LAUSD teachers’ strike: Hours of negotiating behind closed doors
The lead-up to the Los Angeles teachers’ strike was loud and acrimonious — as was the start of the walkout. Now the labor dispute has entered a quiet phase, but it’s too early to tell if it is nearing an end.
Bargaining teams for striking teachers and the Los Angeles Unified School District were behind closed doors at City Hall for the third straight day on Saturday.
They were back at work just before 11 a.m. Saturday, after a more than 10-hour session Friday that the mayor’s office said had been “productive.”
Wrapping up an agreement over the weekend — and getting teachers back in classes after five missed days — would be difficult but is not entirely out of the question.
Student attendance on the fifth day of the strike remained low — and just about flat compared to the previous day. The district said 85,274 students attended Los Angeles Unified’s 1,240 elementary, middle and high schools on Friday. The district serves nearly half a million students. Officials estimated its net losses for the day in terms of funding based on student attendance at $18.1 million.
L.A. schools Supt. Austin Beutner said in a Friday news conference that keeping schools open despite the low numbers was a “solemn duty.”
“We have to keep that child safe,” Beutner said. “We have to give that child an opportunity to learn.… The parent needs to work.”
Friday’s negotiations at City Hall began just before 11 a.m., early enough for bargaining teams to see — and probably hear — thousands of union members and their supporters rally at Grand Park across from City Hall.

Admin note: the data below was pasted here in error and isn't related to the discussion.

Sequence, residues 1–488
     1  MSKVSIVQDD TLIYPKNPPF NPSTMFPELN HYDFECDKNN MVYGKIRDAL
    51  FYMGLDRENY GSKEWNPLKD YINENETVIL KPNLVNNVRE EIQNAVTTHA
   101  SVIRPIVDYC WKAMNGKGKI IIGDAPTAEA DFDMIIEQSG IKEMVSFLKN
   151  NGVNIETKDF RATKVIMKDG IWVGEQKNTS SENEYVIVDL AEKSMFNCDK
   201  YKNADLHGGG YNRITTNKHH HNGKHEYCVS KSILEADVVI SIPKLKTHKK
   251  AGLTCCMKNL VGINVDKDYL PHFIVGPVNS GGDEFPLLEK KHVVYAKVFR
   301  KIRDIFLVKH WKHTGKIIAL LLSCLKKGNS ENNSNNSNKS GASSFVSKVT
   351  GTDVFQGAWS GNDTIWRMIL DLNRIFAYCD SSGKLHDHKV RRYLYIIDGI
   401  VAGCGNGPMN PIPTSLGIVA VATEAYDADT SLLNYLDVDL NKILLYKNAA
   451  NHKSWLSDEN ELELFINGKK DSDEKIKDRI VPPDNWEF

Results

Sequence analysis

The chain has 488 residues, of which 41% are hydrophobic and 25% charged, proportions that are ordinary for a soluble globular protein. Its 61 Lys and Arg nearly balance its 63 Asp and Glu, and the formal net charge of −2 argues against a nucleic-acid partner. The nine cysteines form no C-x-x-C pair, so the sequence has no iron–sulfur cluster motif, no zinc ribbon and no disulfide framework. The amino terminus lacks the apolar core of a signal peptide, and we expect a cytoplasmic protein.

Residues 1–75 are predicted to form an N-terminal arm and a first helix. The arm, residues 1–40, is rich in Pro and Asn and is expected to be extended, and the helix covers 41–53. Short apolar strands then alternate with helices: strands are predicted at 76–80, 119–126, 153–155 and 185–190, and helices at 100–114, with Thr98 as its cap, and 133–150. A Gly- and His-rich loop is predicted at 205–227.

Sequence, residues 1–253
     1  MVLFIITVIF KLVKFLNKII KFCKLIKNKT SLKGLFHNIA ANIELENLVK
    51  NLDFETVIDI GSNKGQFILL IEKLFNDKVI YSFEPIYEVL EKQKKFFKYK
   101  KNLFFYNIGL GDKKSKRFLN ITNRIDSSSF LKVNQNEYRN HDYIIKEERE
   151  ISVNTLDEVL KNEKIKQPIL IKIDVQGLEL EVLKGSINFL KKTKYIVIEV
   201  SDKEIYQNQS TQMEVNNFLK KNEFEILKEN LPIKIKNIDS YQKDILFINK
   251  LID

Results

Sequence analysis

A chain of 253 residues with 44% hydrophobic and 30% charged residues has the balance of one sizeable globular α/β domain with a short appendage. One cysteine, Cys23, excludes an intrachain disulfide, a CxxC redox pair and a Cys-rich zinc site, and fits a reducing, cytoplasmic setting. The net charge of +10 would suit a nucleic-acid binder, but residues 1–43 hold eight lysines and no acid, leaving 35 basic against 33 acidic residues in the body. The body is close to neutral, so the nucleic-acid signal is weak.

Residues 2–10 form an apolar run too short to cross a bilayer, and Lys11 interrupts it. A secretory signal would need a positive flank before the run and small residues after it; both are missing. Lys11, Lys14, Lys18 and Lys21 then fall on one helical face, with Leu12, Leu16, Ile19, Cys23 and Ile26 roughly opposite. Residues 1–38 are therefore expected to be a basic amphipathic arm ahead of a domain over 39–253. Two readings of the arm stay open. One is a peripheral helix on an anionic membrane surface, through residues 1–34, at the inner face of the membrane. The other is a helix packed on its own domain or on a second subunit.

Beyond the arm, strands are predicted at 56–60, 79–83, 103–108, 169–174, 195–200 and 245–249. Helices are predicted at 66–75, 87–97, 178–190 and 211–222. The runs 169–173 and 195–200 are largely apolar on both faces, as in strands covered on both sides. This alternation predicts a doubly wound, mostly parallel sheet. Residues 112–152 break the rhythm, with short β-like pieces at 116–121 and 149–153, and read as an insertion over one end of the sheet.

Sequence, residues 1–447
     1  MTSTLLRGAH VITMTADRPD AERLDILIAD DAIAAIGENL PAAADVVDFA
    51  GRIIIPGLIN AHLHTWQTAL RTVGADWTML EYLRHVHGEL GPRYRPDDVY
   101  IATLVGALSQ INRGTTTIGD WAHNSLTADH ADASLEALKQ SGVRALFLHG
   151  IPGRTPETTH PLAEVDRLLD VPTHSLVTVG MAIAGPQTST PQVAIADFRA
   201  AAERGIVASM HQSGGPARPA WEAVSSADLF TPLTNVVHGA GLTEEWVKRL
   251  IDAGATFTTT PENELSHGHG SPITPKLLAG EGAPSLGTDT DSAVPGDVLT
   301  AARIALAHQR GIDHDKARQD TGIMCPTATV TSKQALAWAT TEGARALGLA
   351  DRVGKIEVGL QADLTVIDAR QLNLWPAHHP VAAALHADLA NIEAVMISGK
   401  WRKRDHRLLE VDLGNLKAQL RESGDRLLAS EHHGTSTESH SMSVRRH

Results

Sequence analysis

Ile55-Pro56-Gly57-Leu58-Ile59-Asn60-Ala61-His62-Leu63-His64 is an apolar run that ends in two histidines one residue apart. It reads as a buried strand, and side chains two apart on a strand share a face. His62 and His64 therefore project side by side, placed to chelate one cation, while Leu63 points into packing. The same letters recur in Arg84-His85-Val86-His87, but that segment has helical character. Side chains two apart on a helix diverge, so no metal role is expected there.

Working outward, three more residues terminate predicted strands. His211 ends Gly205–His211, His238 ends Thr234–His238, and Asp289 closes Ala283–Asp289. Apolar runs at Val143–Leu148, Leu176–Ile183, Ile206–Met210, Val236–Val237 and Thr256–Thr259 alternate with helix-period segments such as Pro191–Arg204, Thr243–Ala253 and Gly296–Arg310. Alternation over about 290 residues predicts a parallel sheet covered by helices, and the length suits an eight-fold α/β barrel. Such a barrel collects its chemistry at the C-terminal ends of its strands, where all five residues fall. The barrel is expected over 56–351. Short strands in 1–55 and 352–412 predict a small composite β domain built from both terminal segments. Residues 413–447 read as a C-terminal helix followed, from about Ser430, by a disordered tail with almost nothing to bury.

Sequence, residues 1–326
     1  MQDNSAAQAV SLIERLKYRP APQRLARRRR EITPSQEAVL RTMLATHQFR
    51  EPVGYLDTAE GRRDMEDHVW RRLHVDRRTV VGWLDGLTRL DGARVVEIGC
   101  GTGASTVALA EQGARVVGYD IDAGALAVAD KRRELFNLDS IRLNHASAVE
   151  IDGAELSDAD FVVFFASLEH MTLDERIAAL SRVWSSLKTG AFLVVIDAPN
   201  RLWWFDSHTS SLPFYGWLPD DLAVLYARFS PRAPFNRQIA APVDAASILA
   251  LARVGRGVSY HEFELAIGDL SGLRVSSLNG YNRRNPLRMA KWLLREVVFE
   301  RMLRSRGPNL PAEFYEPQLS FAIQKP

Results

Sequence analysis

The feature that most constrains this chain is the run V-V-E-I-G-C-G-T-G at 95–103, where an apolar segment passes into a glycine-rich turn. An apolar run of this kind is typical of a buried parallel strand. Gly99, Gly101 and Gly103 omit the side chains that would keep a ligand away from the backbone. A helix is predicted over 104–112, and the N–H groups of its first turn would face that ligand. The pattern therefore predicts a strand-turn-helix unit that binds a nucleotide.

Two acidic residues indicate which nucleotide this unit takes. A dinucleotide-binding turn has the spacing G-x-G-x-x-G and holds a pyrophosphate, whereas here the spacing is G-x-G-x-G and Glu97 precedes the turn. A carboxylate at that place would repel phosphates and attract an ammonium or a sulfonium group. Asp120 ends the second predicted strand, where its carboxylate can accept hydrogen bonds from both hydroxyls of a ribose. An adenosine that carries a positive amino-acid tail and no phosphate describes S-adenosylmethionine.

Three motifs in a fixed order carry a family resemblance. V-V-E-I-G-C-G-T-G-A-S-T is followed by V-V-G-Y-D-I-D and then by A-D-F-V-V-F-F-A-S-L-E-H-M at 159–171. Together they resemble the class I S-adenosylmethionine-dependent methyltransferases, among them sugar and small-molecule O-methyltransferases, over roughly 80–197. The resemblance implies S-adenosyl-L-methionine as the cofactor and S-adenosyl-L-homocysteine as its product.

The last five days of striking have “stunned our naysayers,” Alex Caputo-Pearl, president of United Teachers Los Angeles, told the crowd.
“If you are a boxer, do you know what you do” with a stunned opponent, he asked, before answering his own question: “You double down and keep on punching.”
He told teachers that they need to be prepared if necessary to maintain strong picket lines throughout the coming week.
After the rally, he also pledged that union negotiators would work through the weekend to try to close a deal.
As things stand, there are three major parties working to broker this dispute: the union, the school district and the mayor’s office, which is mediating.
From the union’s perspective, the strike has been nearly an unqualified success — so far. Members of the public have identified strongly with teachers and their descriptions of overcrowded classrooms and schools without nurses and other support staff on hand every day.
Caputo-Pearl and his senior aides have to ponder whether an extended strike could yield more gains — in public perception, changes to state law and district concessions. There’s a risk, however, that an extended strike would begin to erode the public standing of UTLA and decrease its leverage.
The union team also faces the difficult task of working through the genuine give-and-take of negotiations over a complex contract, detail by detail, some of which could have been accomplished weeks or months ago, some observers say. Now this painstaking task must be managed speedily.